"I miss her more than anything in this world and I don't think I could ever have a dog again," says a distraught Olmstead, who spent the end of last summer scouring the city streets and putting up posters during her heartbreaking search.

While Lupé was snatched in broad daylight, Husky Keymo was taken from his yard in Jacksonville, Florida, in the dead of night. Just after midnight in February, his owner Ella Jones returned to her home and let Keymo off the leash in the front yard. In the time it took her to get ready for bed, Keymo was gone. She noticed food on the sidewalk and believes he was lured away. In the days following his disappearance, she talked to neighbours, handed out posters to everyone she met, drove around nearby streets, and contacted local radio and TV stations. She also posted his profile on the website and put up a reward for the much-missed puppy.

"A co-worker gave him to me from her litter and the first time I saw him, I loved him," says Jones, her voice shaking with emotion. "He was a companion, he was like my child and I just want him back home."

Emily and Ella, like a growing number of owners, have become victims of criminals who see companion animals as a quick and easy way to make a buck. There are no reliable figures for the number of dogs stolen in North America each year, as the police often don't distinguish between property theft and pet theft. However, the non-profit organization Last Chance for Animals based in Los Angeles estimates that two million pets are stolen every year, and PetLynx, a companion animal registry, estimates that one million animals go missing in Canada each year.

When Dorothy Pizzuti of Atlanta, Georgia, started the pet locator website in 1999 it was a site dedicated to lost and found dogs. Today it also features a dedicated section for stolen dogs.

"We've had a lot of reports from people about their dogs being stolen, so that's why I added that option about two years ago," Pizzuti say. "We average 250,000 visitors every month with 1,500 new members joining each month. About 10 percent of dogs reported as lost are reported stolen. It happens more than I thought it did."

With pedigree dogs costing hundreds, if not thousands, of dollars, it's no surprise that some dogs are stolen and sold on the cheap. Why go to a reputable dog breeder when you can get what you want at half the price? Some steal dogs to use as dog-fight prey, a few may end up in puppy mills for breeding, and others are taken for ransom. Earlier this year, a family from Glendale in Colorado paid $1,500 dollars to get back their Yorkshire Terrier after he was stolen from their car. But there are other reasons for stealing a dog, according to former CBS journalist Linda Fields who runs from her home in northern Pennsylvania.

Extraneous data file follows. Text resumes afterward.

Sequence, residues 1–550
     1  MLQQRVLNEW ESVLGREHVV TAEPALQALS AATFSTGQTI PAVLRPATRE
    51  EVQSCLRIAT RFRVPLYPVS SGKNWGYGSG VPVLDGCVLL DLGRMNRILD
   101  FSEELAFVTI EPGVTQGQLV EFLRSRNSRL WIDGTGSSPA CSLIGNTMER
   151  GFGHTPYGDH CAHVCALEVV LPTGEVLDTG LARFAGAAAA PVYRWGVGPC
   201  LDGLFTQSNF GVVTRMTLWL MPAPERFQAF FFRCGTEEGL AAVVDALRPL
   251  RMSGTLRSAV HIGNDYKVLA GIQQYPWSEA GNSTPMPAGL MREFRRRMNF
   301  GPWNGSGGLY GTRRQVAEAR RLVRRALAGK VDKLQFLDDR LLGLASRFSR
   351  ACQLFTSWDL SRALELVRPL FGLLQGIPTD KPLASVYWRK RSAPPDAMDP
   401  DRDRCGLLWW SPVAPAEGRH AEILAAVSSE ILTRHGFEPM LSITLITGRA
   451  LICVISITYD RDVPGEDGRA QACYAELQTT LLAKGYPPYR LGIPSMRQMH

"There are people who actually go around and look for dogs to steal and they are doing it for a number of reasons," says Fields. "One could be that they intend to resell the dogs to laboratories or secondary sources, which is totally illegal but it happens. There are also scammers out there that people need to be aware of. People will call up and say wire me this money and I will send you your dog back when in fact they have no intention of doing that or they may not even have your dog."

Rumours of "bunchers" stealing family dogs for sale to laboratories have been circulating for years and Last Chance for Animals provided concrete evidence of the practice when it launched an undercover investigation of the dog dealer, C. C Baird of Arkansas. Last summer, Baird, who had previously been fined for animal cruelty violations in 1997, pleaded guilty to a string of violations under the US Animal Welfare Act. His wife, Patsy, also entered a guilty plea and a number of associates suspected of stealing dogs are also under investigation. A documentary on the case called Dealing Dogs was shown on HBO in February.

While some police forces will be happy to file a report, it won't be priority number one down at the local station house. The best chance you have of recovering your four- legged friend is to become your own private detective, says Pizzuti.

"Immediately go to shelters and put up posters in your area," she urges. "Start off with a 3-mile radius. If, after three days, you don't have your dog back, go to a 10-mile radius. Wait five, ten days and if you don't have your dog back, go to a 50-mile radius. Just keep going out. Go up to a 100- mile radius because we've had dogs 100 miles from home in three days. Some people will give up after a couple of weeks but we've had people who have found their dogs a year later. So don't give up."